By the mid-1990s, many popular live hot spots shut down or switched formats. Most bands evaporated, others embarked on far-flung tours to find audiences.

Rats and the Sinking Ship

At some point in the early 2000s, videogame sales overtook the sales of recorded Music. The youth markets increasingly turned toward technology as entertainment. The chatroom replaced the barroom.

Record companies began collapsing under their own weight. Unable to support their infrastructures (created during earlier times of prosperity) a wave of consolidations and bankruptcies ensued. Instead of promoting a broad catalog of new artists, an increasing reliance on the back catalog (The Beatles, Rolling Stones, Fleetwood Mac) provided steady revenue. New markets could be tapped through just a handful of megastars like Britney Spears, the forerunner of Justin Bieber.

However, a new market appeared with great promise: The Commercial Christian Music field saw enormous growth from the early 1990s forward. With some retooling, the existing supply of musicians, recording studios, and distribution channels could be brought to bear. A great cleanup occurred: the music had to be sanitized, simplified, and made palatable to the squeaky-clean evangelical market. The industry kicked into high gear, blasting its way through Christian America, and straight into our sanctuaries.

The New Cover Band

The previous generation of nightclub amateur musicians have grasped this opportunity and are now occupied every Sunday morning, as cover bands. Instead of parroting the Billboard Top 40, they reach for Billboard "Christian Songs" and Maranatha lists. As a nod toward congregational participation, song texts are projected onto a screen. How do people know the melodies of these songs? They need to be taught them during the rest of the week, and the music industry is happy to oblige these parishoners with recordings and videos (just make sure you include the CCLI # on any handouts.)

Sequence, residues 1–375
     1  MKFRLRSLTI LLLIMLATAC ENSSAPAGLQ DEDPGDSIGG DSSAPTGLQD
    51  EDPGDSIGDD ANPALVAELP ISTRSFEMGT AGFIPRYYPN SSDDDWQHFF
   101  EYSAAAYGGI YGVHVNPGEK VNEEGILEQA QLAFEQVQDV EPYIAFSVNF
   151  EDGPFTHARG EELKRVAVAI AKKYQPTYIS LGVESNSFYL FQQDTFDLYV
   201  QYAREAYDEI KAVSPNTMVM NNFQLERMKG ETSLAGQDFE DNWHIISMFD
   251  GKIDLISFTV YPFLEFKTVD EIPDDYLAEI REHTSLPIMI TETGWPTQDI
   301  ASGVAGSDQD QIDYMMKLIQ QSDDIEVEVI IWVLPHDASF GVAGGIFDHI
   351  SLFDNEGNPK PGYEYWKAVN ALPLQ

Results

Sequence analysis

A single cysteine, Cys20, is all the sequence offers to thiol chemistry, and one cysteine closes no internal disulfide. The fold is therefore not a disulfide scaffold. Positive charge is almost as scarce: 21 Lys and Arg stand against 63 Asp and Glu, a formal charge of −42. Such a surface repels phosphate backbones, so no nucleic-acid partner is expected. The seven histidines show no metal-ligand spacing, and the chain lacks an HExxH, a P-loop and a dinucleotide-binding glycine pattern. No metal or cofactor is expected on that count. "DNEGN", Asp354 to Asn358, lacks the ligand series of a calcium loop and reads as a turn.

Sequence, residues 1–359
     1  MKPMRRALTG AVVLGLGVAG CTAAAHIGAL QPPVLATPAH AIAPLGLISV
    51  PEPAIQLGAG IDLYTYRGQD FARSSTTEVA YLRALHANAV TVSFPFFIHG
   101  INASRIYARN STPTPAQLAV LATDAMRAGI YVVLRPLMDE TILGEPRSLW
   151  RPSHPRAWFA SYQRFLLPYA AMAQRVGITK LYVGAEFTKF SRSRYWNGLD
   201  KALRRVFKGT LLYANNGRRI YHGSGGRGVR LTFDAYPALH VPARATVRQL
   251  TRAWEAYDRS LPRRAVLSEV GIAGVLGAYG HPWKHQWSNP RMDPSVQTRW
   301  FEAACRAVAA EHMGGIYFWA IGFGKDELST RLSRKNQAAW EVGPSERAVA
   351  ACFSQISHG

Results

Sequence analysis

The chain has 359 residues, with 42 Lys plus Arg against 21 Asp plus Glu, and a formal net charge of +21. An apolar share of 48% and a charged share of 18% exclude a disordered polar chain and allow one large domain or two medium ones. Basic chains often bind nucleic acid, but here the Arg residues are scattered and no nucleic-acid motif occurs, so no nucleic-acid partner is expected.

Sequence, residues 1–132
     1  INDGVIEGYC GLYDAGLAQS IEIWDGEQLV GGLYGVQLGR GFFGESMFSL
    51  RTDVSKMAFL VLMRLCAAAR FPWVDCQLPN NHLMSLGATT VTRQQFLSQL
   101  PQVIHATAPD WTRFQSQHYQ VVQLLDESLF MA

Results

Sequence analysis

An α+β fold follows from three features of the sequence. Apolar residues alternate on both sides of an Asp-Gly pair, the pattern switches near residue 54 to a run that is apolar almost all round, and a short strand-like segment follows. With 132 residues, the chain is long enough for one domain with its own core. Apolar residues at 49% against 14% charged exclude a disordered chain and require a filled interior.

For the "white wine pietist musician," it's a win-win. The barrier to entry in the band is very low, for the songs are simple and easily learned. One is guaranteed an appreciative audience. Nobody needs to quit their day job. Better, the dangers of the old nightlife are gone, and folks can ply their art without risking a barfight. You can even tell your parents you're in a band now, because it's a church band.

Of course, the element of youthful rebellion remains--I'm 100% certain some of the advocates of this style get a sense of satisfaction that they're rebelling against some kind of "old authority," in this case, the traditional Music/Liturgy they were raised with.

Since mainline Christianity has endorsed the new cover band, one can pretend to enjoy all the benefits without any of the risks that plagued earlier generations. Truly these are the "white wine pietist musicians," unable or unwilling to make the committment to taste the hard stuff--to step into the risky real world of music-making, but enamored at the thought of being adored through their sanitized, boxed-wine Sunday experiences.